Thrive Pet Healthcare Partners with Pet Poison Helpline, Providing Direct 24/7 Access to Expert Treatment Advisors

Thrive Pet Healthcare, a leading veterinary service network that uniquely delivers a continuum of care to pet families, announced Tuesday that it is partnering with Pet Poison Helpline headed into spring, as toxic plant dangers for pets become more prevalent.

With the arrival of spring and warmer weather, it’s important for pet owners to be aware of the potential dangers lurking in their gardens and homes. There are currently more than 700 plants identified that produce compounds that can be toxic to pets, with effects ranging from mild stomach upset to death.

Thrive Pet Healthcare recently partnered with Pet Poison Helpline to provide their more than 10,000 veterinary professionals in approximately 400 locations across the country with direct, 24/7 access to animal poison control experts for all species.

“Having a direct link to Pet Poison Helpline is a valuable resource for the veterinarians across our network,” said Thrive Pet Healthcare Vice President of Medical Excellence and Education Dr. Kelly Cairns. “It’s one more tool our veterinarians can use to provide pet owners with the best medical care for toxicities, which can be a game-changer considering how deadly some toxins can be for pets.”

“Eating just about any plant could cause vomiting and diarrhea in your pet, but some plants such as Sago Palms and lilies can cause more significant complications including liver and kidney failure, respectively,” says Dr. Leslie Bauer, Medical Director at Emergency Pet Clinic – San Antonio, a Thrive Pet Healthcare partner. “It’s important to be aware of which plants are toxic to pets and keep them out of reach. If you suspect your pet ingested a toxic plant, contact your veterinarian or Pet Poison Helpline immediately. Accurate and timely treatment of known toxicities is critical. If you wait until your pet begins to act ill, organ damage may have already occurred. Early decontamination and treatment can prevent the most life-threatening complications.”

Symptoms of plant poisoning may vary, but common behaviors include vomiting, diarrhea, excessive salivation, difficulty swallowing, lethargy, tremors or convulsions.

According to Pet Poison Helpline’s Toxin Trends, Sago Palm, lilies, marijuana, onions and garlic are among the top 20 reported toxins for pets in Texas, with lilies the No. 1 ranked toxin in cats. Types of lilies include Lilium sp. (Oriental, Stargazer, Easter lilies, etc.) and Hemerocallis sp. (daylilies). Other plants, vegetables and planting materials that could potentially cause toxicity to pets include:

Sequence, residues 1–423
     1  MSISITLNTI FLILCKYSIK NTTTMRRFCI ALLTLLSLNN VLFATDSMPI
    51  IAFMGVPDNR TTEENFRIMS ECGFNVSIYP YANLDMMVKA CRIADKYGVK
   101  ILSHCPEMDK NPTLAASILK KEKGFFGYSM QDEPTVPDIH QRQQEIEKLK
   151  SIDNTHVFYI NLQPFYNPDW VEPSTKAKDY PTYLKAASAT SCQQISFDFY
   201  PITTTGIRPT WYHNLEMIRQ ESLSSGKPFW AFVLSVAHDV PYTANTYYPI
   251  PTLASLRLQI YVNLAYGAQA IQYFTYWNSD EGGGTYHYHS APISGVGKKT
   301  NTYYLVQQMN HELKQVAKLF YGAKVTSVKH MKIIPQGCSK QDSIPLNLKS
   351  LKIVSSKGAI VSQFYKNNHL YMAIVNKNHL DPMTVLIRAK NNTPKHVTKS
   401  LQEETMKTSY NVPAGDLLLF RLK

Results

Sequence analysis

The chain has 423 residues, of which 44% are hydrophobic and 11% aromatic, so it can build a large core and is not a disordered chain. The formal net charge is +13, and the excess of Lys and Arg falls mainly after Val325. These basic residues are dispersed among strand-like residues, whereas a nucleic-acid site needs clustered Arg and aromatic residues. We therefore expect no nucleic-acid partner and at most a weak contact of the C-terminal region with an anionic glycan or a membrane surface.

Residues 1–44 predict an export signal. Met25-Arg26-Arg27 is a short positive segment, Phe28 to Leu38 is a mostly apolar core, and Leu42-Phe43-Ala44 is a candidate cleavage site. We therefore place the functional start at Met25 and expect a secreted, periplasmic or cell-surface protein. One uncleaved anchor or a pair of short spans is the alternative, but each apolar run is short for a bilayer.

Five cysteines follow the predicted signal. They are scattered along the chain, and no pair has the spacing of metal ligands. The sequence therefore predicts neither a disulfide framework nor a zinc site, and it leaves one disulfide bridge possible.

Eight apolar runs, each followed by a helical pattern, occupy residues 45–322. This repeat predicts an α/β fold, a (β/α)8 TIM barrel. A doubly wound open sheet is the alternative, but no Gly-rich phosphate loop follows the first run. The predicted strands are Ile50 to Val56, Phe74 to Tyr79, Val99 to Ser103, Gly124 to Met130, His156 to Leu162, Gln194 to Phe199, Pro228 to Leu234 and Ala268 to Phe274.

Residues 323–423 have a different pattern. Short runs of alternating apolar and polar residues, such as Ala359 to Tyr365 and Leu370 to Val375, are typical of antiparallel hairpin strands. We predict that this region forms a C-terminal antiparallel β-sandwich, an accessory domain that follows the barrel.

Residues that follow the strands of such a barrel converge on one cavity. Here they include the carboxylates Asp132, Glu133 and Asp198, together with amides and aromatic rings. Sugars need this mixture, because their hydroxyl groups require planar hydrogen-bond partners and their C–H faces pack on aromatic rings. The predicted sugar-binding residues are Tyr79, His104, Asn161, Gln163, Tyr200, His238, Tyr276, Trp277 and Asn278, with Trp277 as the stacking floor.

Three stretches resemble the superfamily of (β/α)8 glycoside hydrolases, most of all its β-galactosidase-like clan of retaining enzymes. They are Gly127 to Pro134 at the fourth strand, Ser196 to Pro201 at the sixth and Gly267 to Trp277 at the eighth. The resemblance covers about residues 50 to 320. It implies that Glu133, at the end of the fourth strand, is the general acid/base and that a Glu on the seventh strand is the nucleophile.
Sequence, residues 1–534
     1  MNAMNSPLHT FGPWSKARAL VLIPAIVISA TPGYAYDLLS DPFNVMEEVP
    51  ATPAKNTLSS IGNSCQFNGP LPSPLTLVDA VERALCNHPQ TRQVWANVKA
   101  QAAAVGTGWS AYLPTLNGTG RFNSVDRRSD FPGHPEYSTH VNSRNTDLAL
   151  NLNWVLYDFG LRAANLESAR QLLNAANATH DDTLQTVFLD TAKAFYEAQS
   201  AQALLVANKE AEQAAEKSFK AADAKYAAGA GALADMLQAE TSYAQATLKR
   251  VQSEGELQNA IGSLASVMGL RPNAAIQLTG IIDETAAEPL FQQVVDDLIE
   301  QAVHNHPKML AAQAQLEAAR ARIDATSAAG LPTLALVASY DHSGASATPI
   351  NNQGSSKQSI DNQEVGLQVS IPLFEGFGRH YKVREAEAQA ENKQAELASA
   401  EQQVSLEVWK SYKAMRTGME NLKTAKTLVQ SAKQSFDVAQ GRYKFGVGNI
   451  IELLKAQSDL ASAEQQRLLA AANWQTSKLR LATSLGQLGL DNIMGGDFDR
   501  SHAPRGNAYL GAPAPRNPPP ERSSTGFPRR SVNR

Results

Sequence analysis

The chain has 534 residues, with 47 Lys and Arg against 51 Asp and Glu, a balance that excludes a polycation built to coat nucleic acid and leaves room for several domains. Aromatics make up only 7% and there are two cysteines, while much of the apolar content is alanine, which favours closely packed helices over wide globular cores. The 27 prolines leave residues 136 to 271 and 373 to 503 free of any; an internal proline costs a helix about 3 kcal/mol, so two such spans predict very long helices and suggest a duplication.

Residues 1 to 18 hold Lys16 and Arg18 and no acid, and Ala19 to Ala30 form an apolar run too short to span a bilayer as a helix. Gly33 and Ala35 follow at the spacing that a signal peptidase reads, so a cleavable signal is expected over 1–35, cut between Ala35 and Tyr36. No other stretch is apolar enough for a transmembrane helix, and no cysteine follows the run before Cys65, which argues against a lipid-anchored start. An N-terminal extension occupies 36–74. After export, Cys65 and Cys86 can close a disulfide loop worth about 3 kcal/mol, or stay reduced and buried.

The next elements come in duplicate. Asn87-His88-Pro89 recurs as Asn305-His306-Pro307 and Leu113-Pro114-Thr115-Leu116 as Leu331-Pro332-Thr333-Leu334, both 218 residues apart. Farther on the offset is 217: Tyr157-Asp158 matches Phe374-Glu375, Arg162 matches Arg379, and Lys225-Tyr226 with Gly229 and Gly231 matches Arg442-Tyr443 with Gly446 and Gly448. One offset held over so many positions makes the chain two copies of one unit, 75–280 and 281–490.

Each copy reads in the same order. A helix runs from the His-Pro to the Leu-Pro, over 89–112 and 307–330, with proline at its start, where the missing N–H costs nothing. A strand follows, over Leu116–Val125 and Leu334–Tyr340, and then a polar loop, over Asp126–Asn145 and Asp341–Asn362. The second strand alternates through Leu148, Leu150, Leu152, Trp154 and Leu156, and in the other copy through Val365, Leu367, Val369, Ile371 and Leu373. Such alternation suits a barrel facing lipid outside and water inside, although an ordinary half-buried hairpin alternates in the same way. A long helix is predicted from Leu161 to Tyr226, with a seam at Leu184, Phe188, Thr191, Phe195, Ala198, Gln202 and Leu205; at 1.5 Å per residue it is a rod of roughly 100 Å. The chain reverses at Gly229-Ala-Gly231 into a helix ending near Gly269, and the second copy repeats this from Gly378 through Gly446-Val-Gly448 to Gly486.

• Amaryllis
  • Autumn Crocus
  • Azalea/Rhododendron
  • Castor Bean
  • Chives
  • Chrysanthemum
  • Cocoa bean mulch
  • Compost and other soil amenders
  • Cyclamen (root most toxic)
  • Eggplant (toxic to cats)
  • English Ivy
  • Kalanchoe
  • Leeks
  • Oleander
  • Onion
  • Pothos
  • Rhubarb (leaves)
  • Scallions
  • Schefflera
  • Shallots
  • Tomatoes (leaves and immature fruits)
  • Tulip/Narcissus bulbs
  • Yew

Should your pet ingest any toxic plants, vegetables or planting materials, or another questionable substance, call your veterinarian or Pet Poison Helpline at 855-764-7661. Their treatment advisors will provide you with a case number that veterinarians can reference when treating your pet.

To prevent pet poisonings from toxic plants, pet owners should do the following:

  • Research the plants in your home and garden to determine which are toxic to pets.
  • Keep toxic plants out of reach of pets. This can be accomplished by hanging plants in baskets or on high shelves, or by dedicating one room in your home to plants and keeping it off-limits to pets. If you’re unable to keep the plant out of reach, consider removing it altogether.
  • Supervise pets when they are outside and prevent them from eating plants in your yard.

Thrive Pet Healthcare has approximately 400 locations across the U.S., which includes a local network of nine primary, urgent and emergency hospitals in the San Antonio area. All cohesively linked hospitals can quickly share medical records and refer patients to network veterinary providers to meet every healthcare need throughout a pet’s life.

Pet owners in the San Antonio area can search for their nearest Thrive Pet Healthcare location at

About Thrive Pet Healthcare:

Thrive Pet Healthcare is a leading veterinary service network that uniquely delivers a continuum of care to pet families and services to veterinary hospitals. With an industry-first membership program and over 350 acute, primary, and specialty providers, Thrive Pet Healthcare offers personalized, accessible care through every stage of a pet’s life and health. The veterinarian-founded organization provides premier benefits for practice staff while elevating privately held veterinary hospitals with innovative service and technology solutions. By focusing on the needs and aspirations of veterinary care providers, Thrive Pet Healthcare is supporting the well-being of the industry and raising the national bar for veterinary excellence. To learn more about Thrive Pet Healthcare, please visit

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